‘I believe I have many feelings. The more I observe, the more feelings become available to me.’ She laughed unexpectedly, making me start. ‘In that case,’ she said, ‘maybe you shouldn’t be so keen to observe.’
—Kazuo Ishiguro, Klara and the Sun
Like Klara, I have forever stood at a window, waiting and observing. Like Klara, I am a little outdated. Like Klara, I have hope. Like her, I have feelings.
You don’t know about Klara. In your living room that is almost bare because you said you like empty walls, there’s that red book on top of the other books. Klara and the Sun by Kazuo Ishiguro. My last memory of you has the book, the one with the red cover, the one you said you don’t know how it even got there. It is a book you probably won’t read. But if you read it, you will find bits of our story. A story about feelings. Capitalism, socialism and this and that. We were not real to each other then. Just digital entities, projections, futurists.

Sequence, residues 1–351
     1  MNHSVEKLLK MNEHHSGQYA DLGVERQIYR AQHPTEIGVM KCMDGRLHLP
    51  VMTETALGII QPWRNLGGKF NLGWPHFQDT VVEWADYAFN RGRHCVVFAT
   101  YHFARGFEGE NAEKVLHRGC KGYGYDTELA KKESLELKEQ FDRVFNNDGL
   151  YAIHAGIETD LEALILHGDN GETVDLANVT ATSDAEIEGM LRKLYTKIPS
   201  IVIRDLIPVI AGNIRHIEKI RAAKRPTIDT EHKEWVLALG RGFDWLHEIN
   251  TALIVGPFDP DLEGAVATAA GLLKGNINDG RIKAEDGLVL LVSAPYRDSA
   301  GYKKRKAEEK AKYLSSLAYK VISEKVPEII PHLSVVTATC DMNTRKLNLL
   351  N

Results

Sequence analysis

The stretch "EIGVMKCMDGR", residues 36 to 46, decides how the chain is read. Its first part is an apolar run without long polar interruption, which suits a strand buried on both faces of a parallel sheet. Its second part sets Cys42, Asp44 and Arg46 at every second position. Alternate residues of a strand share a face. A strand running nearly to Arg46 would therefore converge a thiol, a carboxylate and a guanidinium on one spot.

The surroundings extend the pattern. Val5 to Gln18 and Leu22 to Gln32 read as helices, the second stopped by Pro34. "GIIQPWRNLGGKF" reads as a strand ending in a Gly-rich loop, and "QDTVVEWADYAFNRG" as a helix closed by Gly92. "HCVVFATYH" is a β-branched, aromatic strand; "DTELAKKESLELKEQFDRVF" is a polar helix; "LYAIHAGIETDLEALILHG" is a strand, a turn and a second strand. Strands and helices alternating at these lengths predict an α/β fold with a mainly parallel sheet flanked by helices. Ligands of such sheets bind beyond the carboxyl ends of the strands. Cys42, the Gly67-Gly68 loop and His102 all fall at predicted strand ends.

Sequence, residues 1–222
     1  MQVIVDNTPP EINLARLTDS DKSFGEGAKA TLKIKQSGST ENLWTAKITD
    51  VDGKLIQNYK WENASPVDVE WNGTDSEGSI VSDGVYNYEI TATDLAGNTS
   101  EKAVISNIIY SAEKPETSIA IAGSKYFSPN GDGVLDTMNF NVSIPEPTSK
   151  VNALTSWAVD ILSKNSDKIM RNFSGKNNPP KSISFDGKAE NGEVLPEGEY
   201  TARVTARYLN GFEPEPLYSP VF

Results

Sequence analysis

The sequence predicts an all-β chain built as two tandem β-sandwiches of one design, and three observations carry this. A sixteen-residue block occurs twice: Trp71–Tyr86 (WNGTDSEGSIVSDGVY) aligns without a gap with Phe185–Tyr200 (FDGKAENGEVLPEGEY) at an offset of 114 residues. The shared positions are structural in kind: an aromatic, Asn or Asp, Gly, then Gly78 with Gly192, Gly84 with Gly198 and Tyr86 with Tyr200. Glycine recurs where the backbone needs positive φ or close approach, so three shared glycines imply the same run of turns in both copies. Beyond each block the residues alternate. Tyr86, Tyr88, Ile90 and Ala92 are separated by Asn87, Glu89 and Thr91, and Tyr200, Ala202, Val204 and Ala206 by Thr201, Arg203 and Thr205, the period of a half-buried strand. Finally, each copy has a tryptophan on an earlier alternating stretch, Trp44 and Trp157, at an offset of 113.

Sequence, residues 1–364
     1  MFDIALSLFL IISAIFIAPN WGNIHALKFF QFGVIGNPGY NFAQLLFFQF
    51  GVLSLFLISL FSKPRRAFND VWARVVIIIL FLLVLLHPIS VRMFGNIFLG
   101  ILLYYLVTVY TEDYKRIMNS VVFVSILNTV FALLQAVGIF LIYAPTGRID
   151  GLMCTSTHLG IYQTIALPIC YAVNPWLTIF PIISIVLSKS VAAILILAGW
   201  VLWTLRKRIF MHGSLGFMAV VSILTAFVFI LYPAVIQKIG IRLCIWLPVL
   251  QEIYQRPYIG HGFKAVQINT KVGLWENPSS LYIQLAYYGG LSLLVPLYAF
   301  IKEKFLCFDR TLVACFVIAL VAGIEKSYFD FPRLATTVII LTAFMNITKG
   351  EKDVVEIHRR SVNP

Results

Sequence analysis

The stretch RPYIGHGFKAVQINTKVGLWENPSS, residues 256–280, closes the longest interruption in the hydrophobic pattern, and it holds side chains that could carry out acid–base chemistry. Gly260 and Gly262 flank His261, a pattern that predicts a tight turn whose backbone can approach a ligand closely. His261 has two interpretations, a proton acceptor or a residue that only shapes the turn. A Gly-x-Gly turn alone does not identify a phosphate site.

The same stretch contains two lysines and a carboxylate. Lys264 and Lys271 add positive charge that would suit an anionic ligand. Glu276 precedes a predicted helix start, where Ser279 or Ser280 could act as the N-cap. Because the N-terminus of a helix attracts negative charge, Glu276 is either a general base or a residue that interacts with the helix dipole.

We talked about becoming human once. We dreaded the act of becoming human, of having feelings.
After all, the metaverse has emerged as an alternative 3D connected space. A place where a house costs $2.6 million. A place for the rich to escape into avatars, to give themselves fictional lives. A dystopian future that will further reduce face-to-face human interaction is in the making. Were we rehearsing for the future? Were we mimicking the replaceability of humans, of ourselves?
One only needs a sign. I am going to take this as one.
The book contains story of a robot and the human heart, of faith in observation and of longing. Klara is a robot and yet, she can feel. Isn’t that what gives hope?
It begins with Klara in a store window looking out at the world and waiting for someone to pick her up so she could be an Artificial Friend. Josie, a human, picks her up. Josie is ‘lifted’, which means she is among the chosen ones who will be fit to live in the world. She is ‘privileged’ and mysteriously ill and Klara is to help her cut some of the loneliness that Josie must endure. That’s her brief. But Josie recovers and Klara is not needed anymore.